CRM Trends for 2012, Contact Center Quality Measurement, Agent Shrinkage, Contact Center Fluctuations

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CRM Trends for 2012, Contact Center Quality Measurement, Agent Shrinkage, Contact Center Fluctuations


End customers are increasingly aware of what CRM systems are capable of. So says industry observer Ian Whiting, who adds that in 2012, customers “will be even more insistent that businesses deal with them as they expect.”

Writing in CIO magazine, Whiting offers some CRM trends CIOs should watch for in 2012.

Anywhere, anytime. Anywhere/anytime computing offers benefits in the CRM space, Whiting says: “In 2012, mobility and the cloud will continue to create opportunities for businesses to engage with customers in intelligent ways across all touch points.” This doesn’t mean they need to go hand-in-hand -- Whiting predicts some businesses will be too concerned about the cloud’s security issues. But customers expect you to be able to check what’s in the pipeline and for any outstanding issues before speaking with them, especially since they’ll expect services via mobile and tablet devices as well.

Any insight. CRM systems generate and collect a great deal of data -- as those tasked with administering them realize -- and the majority of it always goes to waste. It’s a CIO’s job to improve the value their businesses can extract from their CRM data, especially for marketing, market insight and customer engagement opportunities. Whiting sees CIOs “driving” this in 2012, and thinks CRM vendors “will also have a role to play in educating businesses about what’s possible.” As any good CRM vendor should be doing already.

Read more here.

A recent Webinar, entitled “Using Speech Analytics to Improve Contact Center Quality Measurement,” was presented by TMC and speech analytics leader UTOPY.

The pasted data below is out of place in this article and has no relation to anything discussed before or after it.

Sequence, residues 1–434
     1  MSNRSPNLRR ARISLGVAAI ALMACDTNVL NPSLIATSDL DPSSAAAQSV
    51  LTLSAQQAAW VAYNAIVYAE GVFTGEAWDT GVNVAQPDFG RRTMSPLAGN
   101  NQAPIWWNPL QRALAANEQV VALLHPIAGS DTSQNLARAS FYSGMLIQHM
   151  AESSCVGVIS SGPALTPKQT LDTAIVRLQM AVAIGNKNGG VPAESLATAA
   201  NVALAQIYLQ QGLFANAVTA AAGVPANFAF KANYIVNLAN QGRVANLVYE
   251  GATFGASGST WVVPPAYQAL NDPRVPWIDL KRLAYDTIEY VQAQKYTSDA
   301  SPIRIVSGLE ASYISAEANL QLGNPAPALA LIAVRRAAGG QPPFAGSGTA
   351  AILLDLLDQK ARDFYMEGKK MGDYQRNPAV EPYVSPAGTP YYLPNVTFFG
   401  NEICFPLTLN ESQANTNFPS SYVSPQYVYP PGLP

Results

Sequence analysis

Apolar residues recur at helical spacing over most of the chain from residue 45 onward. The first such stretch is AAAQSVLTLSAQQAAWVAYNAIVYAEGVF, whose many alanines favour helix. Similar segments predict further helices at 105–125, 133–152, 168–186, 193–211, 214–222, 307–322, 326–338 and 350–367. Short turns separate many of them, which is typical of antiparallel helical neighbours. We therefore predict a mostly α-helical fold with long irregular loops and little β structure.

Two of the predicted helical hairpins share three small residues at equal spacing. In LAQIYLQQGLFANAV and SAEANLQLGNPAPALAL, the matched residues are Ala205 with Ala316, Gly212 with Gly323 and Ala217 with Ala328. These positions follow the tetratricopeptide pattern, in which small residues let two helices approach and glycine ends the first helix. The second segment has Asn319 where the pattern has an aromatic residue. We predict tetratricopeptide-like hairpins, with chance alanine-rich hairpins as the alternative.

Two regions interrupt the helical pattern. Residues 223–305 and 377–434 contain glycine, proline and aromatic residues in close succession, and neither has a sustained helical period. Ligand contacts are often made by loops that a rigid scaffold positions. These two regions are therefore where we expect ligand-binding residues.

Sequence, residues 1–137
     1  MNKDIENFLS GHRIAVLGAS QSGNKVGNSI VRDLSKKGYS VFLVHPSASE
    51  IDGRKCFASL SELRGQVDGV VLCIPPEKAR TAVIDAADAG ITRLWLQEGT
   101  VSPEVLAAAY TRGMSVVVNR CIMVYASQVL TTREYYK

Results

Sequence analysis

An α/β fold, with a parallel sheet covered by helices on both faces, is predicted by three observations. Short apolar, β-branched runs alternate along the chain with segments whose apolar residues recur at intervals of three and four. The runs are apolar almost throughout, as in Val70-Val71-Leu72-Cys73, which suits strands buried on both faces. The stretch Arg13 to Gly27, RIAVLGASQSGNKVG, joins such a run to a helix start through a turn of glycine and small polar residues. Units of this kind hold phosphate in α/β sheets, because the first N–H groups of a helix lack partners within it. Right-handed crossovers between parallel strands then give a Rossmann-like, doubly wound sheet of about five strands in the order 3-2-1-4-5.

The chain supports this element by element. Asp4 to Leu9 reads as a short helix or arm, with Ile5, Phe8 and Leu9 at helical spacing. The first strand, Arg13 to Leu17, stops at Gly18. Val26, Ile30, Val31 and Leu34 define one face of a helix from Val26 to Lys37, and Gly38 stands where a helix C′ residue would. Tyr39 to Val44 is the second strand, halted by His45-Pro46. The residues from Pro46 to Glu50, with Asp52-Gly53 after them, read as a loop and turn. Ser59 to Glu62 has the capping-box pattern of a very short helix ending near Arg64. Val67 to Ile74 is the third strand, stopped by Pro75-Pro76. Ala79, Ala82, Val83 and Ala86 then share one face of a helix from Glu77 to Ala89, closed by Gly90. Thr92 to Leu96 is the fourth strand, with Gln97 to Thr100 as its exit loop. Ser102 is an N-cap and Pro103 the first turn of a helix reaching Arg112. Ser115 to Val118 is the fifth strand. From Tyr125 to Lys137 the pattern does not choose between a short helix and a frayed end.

Contact center quality assessment traditionally has had two major challenges, Webinar officials said: sample size and criteria objectivity. The Webinar showed how speech analytics can help with both of these challenges by evaluating every interaction each agent has with a customer, and using “standardized definitions to measure behaviors that can be objectively defined in terms of what agents actually say during calls.”

Presenting was Michael Miller, vice president, Customer Strategy for UTOPY. Miller is responsible for customer strategy, pre-and-post-sales support, and operational consulting at UTOPY, a customer interaction analytics provider.

Read more here.

The solution to contact center agent shrinkage is rather easy: Wash them in cold water. (Rimshot)

But seriously folks, according to the pros at Monet Software, shrinkage is the time agents are not productive due to breaks, meetings, training, vacation, illness, absenteeism or whatever reason they have not to be working. Doesn’t really matter what the excuse is, the end result is all the same.

Yes, you can build stuff like training and vacations into the schedule, but Monet identifies one cause of shrinkage that can’t really be planned for: adherence. In other words, the measurement of the time agents are scheduled to work compared to the time they actually work. What percentage of their actual paid time you’re getting.

You know the drill. Agents leave early, start later or take longer breaks than specified in their schedule. Boom -- shrinkage. There go your staffing metrics out the window. It’s not the kind of thing you can quantify, like you can quantify Quentin’s taking two weeks off to go to India. It’s time, productive time, that just evaporates.

Read more here.

Monet Software has put together another fine blog post on handling fluctuation in call volumes throughout the day -- yes it’s still one of the key challenges in managing a call center, as they say.

You know the common questions Monet runs through -- how to update the forecast? How to create a new schedule? How to staff for this throughout the day -- is there a way to plan for this?

As Monet says there are generally two scenarios in this situation. On the one hand, you have the events that the call center should have known about, but didn’t. For whatever reason -- it wasn’t informed about a campaign, it didn’t plan for the event, what does it matter what the excuse is? There’ll always be one and it won’t matter a bit. Most of the call volume-related impact can be avoided through planning.

And on the other hand, there are events, mostly external driven, that cannot be planned for. Think of sudden product issues. Weather. Catastrophes. One doesn’t pencil those in two months ahead of time. By the same token call volume fluctuations due to these external events cannot be planned for, but you can enact constant monitoring, and quick action can lower the impact on service levels and customer satisfaction.

Read more here.


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